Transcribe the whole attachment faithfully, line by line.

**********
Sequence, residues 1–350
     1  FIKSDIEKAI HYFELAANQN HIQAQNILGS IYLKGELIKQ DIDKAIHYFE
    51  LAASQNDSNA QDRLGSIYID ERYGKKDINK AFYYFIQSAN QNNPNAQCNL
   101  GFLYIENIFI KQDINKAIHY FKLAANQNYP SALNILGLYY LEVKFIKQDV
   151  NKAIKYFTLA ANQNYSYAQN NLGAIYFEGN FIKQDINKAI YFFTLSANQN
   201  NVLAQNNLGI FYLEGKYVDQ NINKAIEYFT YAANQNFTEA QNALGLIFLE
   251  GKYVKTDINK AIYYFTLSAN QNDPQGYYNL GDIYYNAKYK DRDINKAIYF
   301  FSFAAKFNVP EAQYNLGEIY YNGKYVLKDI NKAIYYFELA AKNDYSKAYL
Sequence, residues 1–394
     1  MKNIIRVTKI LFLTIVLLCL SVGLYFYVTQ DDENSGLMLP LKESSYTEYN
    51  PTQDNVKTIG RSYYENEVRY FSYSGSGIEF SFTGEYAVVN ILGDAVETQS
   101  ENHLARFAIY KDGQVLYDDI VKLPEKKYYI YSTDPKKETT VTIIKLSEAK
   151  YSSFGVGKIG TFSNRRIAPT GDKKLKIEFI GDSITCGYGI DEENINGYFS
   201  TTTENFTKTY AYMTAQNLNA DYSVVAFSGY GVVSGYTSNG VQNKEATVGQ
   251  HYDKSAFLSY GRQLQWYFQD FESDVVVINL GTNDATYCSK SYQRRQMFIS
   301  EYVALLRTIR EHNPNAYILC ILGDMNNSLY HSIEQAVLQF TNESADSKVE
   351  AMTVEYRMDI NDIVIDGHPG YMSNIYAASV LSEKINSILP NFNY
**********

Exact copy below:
Sequence, residues 1–350
     1  FIKSDIEKAI HYFELAANQN HIQAQNILGS IYLKGELIKQ DIDKAIHYFE
    51  LAASQNDSNA QDRLGSIYID ERYGKKDINK AFYYFIQSAN QNNPNAQCNL
   101  GFLYIENIFI KQDINKAIHY FKLAANQNYP SALNILGLYY LEVKFIKQDV
   151  NKAIKYFTLA ANQNYSYAQN NLGAIYFEGN FIKQDINKAI YFFTLSANQN
   201  NVLAQNNLGI FYLEGKYVDQ NINKAIEYFT YAANQNFTEA QNALGLIFLE
   251  GKYVKTDINK AIYYFTLSAN QNDPQGYYNL GDIYYNAKYK DRDINKAIYF
   301  FSFAAKFNVP EAQYNLGEIY YNGKYVLKDI NKAIYYFELA AKNDYSKAYL
Sequence, residues 1–394
     1  MKNIIRVTKI LFLTIVLLCL SVGLYFYVTQ DDENSGLMLP LKESSYTEYN
    51  PTQDNVKTIG RSYYENEVRY FSYSGSGIEF SFTGEYAVVN ILGDAVETQS
   101  ENHLARFAIY KDGQVLYDDI VKLPEKKYYI YSTDPKKETT VTIIKLSEAK
   151  YSSFGVGKIG TFSNRRIAPT GDKKLKIEFI GDSITCGYGI DEENINGYFS
   201  TTTENFTKTY AYMTAQNLNA DYSVVAFSGY GVVSGYTSNG VQNKEATVGQ
   251  HYDKSAFLSY GRQLQWYFQD FESDVVVINL GTNDATYCSK SYQRRQMFIS
   301  EYVALLRTIR EHNPNAYILC ILGDMNNSLY HSIEQAVLQF TNESADSKVE
   351  AMTVEYRMDI NDIVIDGHPG YMSNIYAASV LSEKINSILP NFNY